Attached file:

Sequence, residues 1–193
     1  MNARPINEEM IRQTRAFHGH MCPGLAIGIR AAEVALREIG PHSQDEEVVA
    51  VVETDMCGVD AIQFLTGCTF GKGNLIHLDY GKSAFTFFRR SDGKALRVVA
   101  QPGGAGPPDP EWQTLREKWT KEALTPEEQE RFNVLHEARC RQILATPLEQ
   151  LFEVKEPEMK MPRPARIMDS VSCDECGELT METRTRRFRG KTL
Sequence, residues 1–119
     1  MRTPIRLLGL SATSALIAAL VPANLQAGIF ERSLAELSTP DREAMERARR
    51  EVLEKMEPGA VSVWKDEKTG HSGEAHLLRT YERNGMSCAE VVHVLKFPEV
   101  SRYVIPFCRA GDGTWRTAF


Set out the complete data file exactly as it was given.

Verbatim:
Sequence, residues 1–193
     1  MNARPINEEM IRQTRAFHGH MCPGLAIGIR AAEVALREIG PHSQDEEVVA
    51  VVETDMCGVD AIQFLTGCTF GKGNLIHLDY GKSAFTFFRR SDGKALRVVA
   101  QPGGAGPPDP EWQTLREKWT KEALTPEEQE RFNVLHEARC RQILATPLEQ
   151  LFEVKEPEMK MPRPARIMDS VSCDECGELT METRTRRFRG KTL
Sequence, residues 1–119
     1  MRTPIRLLGL SATSALIAAL VPANLQAGIF ERSLAELSTP DREAMERARR
    51  EVLEKMEPGA VSVWKDEKTG HSGEAHLLRT YERNGMSCAE VVHVLKFPEV
   101  SRYVIPFCRA GDGTWRTAF